PHILOSOPHY & PROGRAM
Our rehabilitation philosophy’s primary goals are the cessation of substance abuse behaviors and fostering personal growth. This requires the drug user to break free from the vicious cycle of drug addiction. This means fundamentally changing the way an addict thinks and lives, dismantling the addictive framework of their life, how they perceive themselves and their beliefs, and how they relate to others.
Our rehabilitation method engages the whole person in the recovery process and challenges the individual to have a full, positive life with healthy supportive relationships and satisfying work. Community activities lead members to learn about themselves in the areas of emotional, intellectual and spiritual condition; behavior management; and survival skills, which may include vocational and/or educational assessment. We believe that people can change and that learning occurs through challenge and action, understanding and sharing common human experiences. The Program provides a healthy environment and routine to replace the addiction and its associated dysfunctional lifestyle. Since addiction is a multidimensional problem the person is sick physically, mentally and spiritually. We treat the person as a whole.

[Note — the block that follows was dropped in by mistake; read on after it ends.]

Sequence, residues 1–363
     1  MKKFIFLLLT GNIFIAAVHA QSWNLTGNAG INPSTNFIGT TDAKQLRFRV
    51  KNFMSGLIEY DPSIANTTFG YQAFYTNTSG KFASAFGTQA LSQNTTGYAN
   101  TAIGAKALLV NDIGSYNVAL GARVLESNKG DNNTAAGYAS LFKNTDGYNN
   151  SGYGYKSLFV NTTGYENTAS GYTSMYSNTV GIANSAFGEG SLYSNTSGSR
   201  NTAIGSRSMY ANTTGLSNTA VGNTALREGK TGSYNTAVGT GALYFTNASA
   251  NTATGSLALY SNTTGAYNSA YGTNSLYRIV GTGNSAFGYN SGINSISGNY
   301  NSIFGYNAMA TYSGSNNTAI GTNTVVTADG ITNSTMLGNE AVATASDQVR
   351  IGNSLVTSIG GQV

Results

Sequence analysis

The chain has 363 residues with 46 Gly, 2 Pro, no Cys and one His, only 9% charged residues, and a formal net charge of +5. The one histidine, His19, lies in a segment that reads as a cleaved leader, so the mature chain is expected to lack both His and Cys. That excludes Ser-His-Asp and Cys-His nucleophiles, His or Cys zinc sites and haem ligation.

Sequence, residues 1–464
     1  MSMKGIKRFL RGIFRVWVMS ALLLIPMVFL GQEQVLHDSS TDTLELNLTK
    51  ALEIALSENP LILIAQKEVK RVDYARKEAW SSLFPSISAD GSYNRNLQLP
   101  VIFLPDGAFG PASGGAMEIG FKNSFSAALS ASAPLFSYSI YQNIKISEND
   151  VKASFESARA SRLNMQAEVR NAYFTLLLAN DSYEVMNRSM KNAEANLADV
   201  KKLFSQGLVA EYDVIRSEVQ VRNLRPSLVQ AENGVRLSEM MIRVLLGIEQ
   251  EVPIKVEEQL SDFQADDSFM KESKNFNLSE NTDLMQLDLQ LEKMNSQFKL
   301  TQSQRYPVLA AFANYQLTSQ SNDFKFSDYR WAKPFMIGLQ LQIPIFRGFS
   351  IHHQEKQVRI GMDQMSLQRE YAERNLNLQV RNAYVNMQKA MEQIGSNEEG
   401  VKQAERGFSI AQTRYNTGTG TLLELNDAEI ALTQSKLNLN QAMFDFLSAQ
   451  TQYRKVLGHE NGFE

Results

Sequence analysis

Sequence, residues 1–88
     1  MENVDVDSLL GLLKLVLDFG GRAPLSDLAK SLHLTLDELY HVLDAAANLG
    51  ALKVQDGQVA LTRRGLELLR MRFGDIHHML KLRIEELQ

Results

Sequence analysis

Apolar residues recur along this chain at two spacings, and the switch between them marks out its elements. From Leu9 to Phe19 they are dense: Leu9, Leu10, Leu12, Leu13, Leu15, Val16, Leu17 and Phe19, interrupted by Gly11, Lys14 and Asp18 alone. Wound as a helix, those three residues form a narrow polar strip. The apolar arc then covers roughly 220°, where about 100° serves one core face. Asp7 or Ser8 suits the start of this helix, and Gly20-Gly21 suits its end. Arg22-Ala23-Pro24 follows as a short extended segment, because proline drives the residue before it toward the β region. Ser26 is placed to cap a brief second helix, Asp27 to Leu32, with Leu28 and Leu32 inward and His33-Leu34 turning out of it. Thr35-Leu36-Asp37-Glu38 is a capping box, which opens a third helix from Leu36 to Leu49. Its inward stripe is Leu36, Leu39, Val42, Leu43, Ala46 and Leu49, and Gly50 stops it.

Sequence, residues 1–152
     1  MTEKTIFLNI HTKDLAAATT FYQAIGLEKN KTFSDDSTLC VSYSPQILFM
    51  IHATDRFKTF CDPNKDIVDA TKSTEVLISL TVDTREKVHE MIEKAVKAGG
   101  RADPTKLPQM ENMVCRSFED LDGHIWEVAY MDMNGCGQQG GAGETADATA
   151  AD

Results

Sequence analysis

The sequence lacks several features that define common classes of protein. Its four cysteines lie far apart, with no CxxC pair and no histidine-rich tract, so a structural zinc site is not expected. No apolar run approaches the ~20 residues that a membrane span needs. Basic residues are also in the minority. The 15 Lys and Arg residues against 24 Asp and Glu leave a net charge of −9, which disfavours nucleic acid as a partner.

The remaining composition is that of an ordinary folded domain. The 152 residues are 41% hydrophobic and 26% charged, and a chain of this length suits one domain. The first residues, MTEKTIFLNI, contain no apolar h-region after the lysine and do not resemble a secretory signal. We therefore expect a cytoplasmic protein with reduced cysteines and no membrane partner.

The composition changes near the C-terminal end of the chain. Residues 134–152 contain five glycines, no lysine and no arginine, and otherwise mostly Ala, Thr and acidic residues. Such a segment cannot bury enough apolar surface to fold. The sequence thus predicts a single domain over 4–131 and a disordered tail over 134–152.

A person starts to use drugs because it is a convenient and easy way to escape from reality and life’s problems (fear, shame, guilt, inadequacy, etc.). The problem becomes non-existent until the drug wears off and then resurfaces, often in a way that is worse than before. So to recover, one must face the obstacles which caused one to use drugs, and then admit that the drug is not solving the problem. In a treatment and rehabilitation environment, both the problem and the addiction are important and both must be addressed. After a few days of detoxification (the physical aspect of treatment), the more important spiritual aspect is addressed using the Twelve Steps Program of Narcotics Anonymous.
Every recovering addict professes these twelve steps in morning and evening meetings, reaffirming their commitment to be drug-free.
At the Rehabilitation Center (Farm) in Sinjhoro, and the Halfway House in Karachi, daily chores such as cleaning, washing, cooking and others are followed as a routine exercise. The tasks are managed by responsible senior residents. To accomplish these tasks, different groups are rotated within the residents living in the center.